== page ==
“What is it?” Garrett whispered. “Has it been watching me the whole time?”
“Turn and walk up the trail,” Birdie said, softly and firmly. “Don’t run. Walk.”
Garrett turned and walked away, nonchalantly, as Birdie told him, but his eyes were wide with fear. Walking backwards behind him, Birdie watched the grass for movement. The metallic bell sounded again, for just a second, then disappeared in the wind.
They reached the edge of the woods and Birdie crouched down, even though her amygdala sent electronic signals arcing into her cortex, whispering, “Run!”
“Keep going until you get to the next clearing,” she told Garrett. “Flag down the helicopter when it arrives.”
“You got it,” Garrett sprinted down the trail through the trees.
Birdie scanned left and right and then she saw it, something displacing the brush, accompanied by the wind chime sound. It grabbed Benjamin Martinez’s leg and pulled it into the foliage. Birdie wanted to run screaming into the woods. She raised the rifle and peered through the scope, but saw nothing more than waving grass. Taking a tentative step forward, she thought better of it, stood, and backed away from the clearing.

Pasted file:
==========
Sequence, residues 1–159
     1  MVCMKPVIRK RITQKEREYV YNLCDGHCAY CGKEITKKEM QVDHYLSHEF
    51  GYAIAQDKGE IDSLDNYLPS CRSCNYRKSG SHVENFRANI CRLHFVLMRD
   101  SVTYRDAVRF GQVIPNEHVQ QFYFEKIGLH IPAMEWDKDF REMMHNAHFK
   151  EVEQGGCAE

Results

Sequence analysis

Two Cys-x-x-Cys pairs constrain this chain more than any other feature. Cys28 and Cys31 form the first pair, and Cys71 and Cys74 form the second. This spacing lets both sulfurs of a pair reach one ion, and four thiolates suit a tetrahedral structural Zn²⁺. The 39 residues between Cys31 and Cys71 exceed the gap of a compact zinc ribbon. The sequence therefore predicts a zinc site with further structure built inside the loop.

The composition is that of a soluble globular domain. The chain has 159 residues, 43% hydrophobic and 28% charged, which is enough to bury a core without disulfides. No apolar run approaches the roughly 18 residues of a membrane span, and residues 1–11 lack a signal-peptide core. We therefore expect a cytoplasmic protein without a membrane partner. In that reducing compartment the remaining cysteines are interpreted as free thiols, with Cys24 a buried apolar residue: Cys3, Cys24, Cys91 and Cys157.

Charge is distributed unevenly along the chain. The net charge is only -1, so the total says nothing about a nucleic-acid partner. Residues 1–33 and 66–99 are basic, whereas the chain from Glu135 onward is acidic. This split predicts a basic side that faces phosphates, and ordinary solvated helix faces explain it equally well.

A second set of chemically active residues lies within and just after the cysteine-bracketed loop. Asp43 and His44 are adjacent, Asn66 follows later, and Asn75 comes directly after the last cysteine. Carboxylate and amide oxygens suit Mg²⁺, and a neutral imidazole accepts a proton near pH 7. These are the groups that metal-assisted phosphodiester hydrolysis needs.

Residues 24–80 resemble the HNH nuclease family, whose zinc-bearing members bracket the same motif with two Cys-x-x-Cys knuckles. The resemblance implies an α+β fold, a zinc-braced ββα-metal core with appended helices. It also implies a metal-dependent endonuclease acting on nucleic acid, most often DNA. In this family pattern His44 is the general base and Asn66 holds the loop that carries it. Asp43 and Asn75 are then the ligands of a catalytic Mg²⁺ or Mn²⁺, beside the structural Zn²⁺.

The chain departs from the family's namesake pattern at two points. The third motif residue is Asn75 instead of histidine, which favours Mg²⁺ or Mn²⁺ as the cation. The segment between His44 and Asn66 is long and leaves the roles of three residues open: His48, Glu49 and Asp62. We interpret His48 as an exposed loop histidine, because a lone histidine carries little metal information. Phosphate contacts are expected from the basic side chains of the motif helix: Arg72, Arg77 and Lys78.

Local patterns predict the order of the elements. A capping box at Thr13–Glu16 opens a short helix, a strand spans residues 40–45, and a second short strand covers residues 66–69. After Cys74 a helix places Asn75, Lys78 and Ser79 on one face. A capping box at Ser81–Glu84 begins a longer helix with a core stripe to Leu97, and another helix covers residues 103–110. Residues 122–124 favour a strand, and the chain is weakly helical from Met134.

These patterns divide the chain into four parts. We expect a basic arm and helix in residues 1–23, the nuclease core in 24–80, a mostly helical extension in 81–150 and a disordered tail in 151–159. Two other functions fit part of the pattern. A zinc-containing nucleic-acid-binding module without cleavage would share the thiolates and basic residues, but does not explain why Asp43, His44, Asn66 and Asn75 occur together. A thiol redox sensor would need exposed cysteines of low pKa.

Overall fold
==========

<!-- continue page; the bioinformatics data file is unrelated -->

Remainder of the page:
Birdie met up with Garrett and saw that he was beside himself, fretting and shaking and unable to stand still.
“How long until the helicopter gets here?” he asked. “I think I’ve already done my part in being a good citizen. I’d like to be rescued now.”
“Pretty soon, Mr. Garrett.” Birdie hoped rescue would arrive shortly for both of them; she felt eyes watching from the grass.
She pulled her satellite phone from her backpack. She had bought her own, like a few other rangers she knew, but normally only used it when her radio didn’t reach. However, this was not information she wanted to put out over the radio. She dialed and waited.
“Tracey?” Birdie asked.
“Hey, Birdie. What’s going on?” the dispatcher asked.
“Tell the boss that it’s not a mountain lion. I don’t know what it is, but it’s enormous, and it’s still out there. We shouldn’t go back without an army,” she said, quietly so that Garrett wouldn’t hear her.
“You don’t know what it is?” Tracey sounded astonished.
“It’s a giant cat track, but no way it’s a mountain lion. Do we know if any big cats like lions or tigers have escaped from zoos near here?”